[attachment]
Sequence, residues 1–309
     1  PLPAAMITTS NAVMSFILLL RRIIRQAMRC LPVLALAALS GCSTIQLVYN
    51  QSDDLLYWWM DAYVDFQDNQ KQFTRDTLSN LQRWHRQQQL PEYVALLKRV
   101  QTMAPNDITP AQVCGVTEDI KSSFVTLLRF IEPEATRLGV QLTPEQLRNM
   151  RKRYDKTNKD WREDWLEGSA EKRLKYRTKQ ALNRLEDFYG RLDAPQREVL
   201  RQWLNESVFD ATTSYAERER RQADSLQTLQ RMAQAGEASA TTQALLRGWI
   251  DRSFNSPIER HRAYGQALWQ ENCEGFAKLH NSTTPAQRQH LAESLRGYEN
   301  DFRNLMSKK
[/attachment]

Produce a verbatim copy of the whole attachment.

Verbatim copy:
Sequence, residues 1–309
     1  PLPAAMITTS NAVMSFILLL RRIIRQAMRC LPVLALAALS GCSTIQLVYN
    51  QSDDLLYWWM DAYVDFQDNQ KQFTRDTLSN LQRWHRQQQL PEYVALLKRV
   101  QTMAPNDITP AQVCGVTEDI KSSFVTLLRF IEPEATRLGV QLTPEQLRNM
   151  RKRYDKTNKD WREDWLEGSA EKRLKYRTKQ ALNRLEDFYG RLDAPQREVL
   201  RQWLNESVFD ATTSYAERER RQADSLQTLQ RMAQAGEASA TTQALLRGWI
   251  DRSFNSPIER HRAYGQALWQ ENCEGFAKLH NSTTPAQRQH LAESLRGYEN
   301  DFRNLMSKK